In 1726 he appeared in Fr. Ciampi’s ‘Ciro’ at Milan and then made his second visit to Rome.

In 1727 he went to Bologna, where he was to meet the famous Bernacchi, the ‘King of Singers’ for the first time. Meeting this rival in a grand duo, Farinelli poured forth all the beauties of his voice and style without reserve, and executed a number of most difficult passages, which were rewarded with tumultuous applause.

Bernacchi replied in the same air, repeating every trill, roulade, or cadenza which had been sung by Farinelli.

The latter, owning his defeat, entreated his conqueror to give him some instruction, which Bernacchi consented to bestow.

After a second visit to Vienna in 1728, Farinelli went several times to Venic, Rome, Naples, Piacenza, and Parma, meeting and vanquishing such formidable rivals as Nicolini, Faustina, and Cuzzoni, and being everywhere loaded with riches and honors.

In 1731 he visited Vienna for the third time. It was at this point that he modified his style, from one of mere brilliance and bravura to one of pathos and simplicity. This change is said to have been suggested by the Emperor Charles VI. ‘You have,’ he said, ‘hitherto excited only astonishment and admiration, but you have never touched the heart; it would be easy to you to create emotion, if you would but be more simple and more expressive!’ Farinelli adopted this counsel and became the most pathetic as he was still the most brilliant of singers.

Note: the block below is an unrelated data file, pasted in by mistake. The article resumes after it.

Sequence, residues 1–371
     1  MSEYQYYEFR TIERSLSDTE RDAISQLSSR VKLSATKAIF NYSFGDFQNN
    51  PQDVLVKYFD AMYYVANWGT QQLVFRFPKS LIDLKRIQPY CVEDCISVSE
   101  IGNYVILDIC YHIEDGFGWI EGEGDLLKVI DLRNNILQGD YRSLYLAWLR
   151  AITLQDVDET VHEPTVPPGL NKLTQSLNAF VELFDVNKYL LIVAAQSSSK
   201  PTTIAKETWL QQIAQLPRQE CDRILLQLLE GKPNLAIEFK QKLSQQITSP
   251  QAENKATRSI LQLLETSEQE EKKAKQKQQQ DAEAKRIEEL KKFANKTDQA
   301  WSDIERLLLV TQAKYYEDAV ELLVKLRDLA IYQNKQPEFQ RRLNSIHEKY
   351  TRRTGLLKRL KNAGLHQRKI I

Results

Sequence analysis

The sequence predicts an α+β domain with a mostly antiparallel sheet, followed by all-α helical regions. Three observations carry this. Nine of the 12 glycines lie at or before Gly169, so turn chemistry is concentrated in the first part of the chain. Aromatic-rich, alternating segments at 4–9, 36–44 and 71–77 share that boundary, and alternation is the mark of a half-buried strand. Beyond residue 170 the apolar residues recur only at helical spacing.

Returning once more to Italy, he revisited Venice, Rome, Ferrara, Lucca, and Turin.

In 1734 he made his first journey to England. Here he arrived at the moment when the opposition to Handel, supported by the nobles, had establish a rival Opera, with Porpora for composer, and Senesino, who had quarreled with Handel, for principal singer. The enterprise did not succeed and ended up with 19,000 pounds debt. At this juncture Porpora naturally thought of his student and Farinelli saved the house.

He made his first appearance at the Theater, Lincoln’s Inn, in ‘Artaserse,’ the music of which was chiefly by Riccardo Broschi, his brother, and Hasse. The most favorite aires were

  • ‘Pallido il sole,’ set by Hasse and sung by Senesino
  • ‘Per questo dolce amplesso,’ by Hasse sung by Farinelli
  • ‘Son qual nave,’ by Broschi sung by Farinelli

In the last, composed specially for him, the first note was taken with such delicacy, swelled by minute degrees to such an amazing volume, and afterwards diminished in the same manner to a mere point, that is was applauded for a full five minutes.